Veterinary Past

Roman dog burial in Tongeren (Belgium)

Author
  • L. A. A. Janssens

Abstract

A skeleton of a large mature, probably male, dog was excavated in the city center of Tongeren, once a Roman city in Belgium. Together with the skeleton, a circular food bowl in terra sigillata pottery was discovered, positioned near the mouth of the dog, from which the upstanding edges had been removed. This was interpreted as a grave offering, representing symbolically that care was taken of the animal after death but that the bowl had become useless now. This habit of adding a circular bowl also fits in a Celtic mythical tradition, with dogs biting off pieces of the full moon and creating the moon cyclus. Circular bowls represent the moon and are related to the mythical dogs or wolves. The archeological find is exceptional but fits into the long standing tradition of dog burials, starting 14 200 years ago with the Bonn Oberkassel dog and continuing into the present. Up till now, some owners still add goods to the resting place of their pets.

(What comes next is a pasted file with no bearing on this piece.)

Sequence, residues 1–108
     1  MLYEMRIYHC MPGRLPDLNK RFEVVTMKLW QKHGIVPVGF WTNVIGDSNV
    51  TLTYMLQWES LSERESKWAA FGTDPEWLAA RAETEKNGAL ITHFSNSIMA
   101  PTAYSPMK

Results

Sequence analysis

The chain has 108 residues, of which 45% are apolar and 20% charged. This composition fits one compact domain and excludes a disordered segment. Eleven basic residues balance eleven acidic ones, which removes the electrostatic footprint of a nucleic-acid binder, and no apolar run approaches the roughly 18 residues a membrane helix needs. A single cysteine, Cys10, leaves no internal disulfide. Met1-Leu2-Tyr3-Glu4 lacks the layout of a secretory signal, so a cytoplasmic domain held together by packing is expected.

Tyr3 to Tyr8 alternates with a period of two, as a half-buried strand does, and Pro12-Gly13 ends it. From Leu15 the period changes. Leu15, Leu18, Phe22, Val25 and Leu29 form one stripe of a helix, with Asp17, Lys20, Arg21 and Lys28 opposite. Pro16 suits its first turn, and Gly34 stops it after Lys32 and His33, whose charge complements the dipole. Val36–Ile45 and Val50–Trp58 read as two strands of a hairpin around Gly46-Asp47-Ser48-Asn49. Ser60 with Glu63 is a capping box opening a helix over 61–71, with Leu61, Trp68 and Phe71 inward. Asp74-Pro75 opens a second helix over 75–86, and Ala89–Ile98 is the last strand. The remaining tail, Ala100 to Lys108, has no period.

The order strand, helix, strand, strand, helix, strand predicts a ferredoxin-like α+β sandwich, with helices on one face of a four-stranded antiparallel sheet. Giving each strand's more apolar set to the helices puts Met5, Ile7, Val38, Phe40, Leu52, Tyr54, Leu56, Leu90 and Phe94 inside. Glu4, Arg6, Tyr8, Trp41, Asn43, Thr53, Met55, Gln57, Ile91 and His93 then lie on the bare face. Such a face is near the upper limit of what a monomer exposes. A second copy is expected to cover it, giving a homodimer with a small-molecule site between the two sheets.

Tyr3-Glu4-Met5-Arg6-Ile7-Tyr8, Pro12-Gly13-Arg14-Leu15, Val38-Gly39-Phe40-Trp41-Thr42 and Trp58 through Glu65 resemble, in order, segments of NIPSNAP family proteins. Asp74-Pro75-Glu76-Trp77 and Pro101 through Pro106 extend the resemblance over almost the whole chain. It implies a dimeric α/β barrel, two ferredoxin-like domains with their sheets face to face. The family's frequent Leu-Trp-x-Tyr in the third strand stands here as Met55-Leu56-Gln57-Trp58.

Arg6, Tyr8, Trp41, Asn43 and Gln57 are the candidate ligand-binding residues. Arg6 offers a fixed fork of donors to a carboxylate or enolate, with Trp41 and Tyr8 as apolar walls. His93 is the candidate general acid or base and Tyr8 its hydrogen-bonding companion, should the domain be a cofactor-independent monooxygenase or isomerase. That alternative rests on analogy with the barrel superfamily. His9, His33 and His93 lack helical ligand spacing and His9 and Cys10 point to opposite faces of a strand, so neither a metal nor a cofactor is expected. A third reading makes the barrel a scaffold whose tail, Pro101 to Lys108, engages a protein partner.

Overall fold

How to Cite:

Janssens, L., (2018) “Roman dog burial in Tongeren (Belgium)”, Vlaams Diergeneeskundig Tijdschrift 87(2), 105-108. doi: https://doi.org/10.21825/vdt.v87i2.16088

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Published on
29 Apr 2018
Peer Reviewed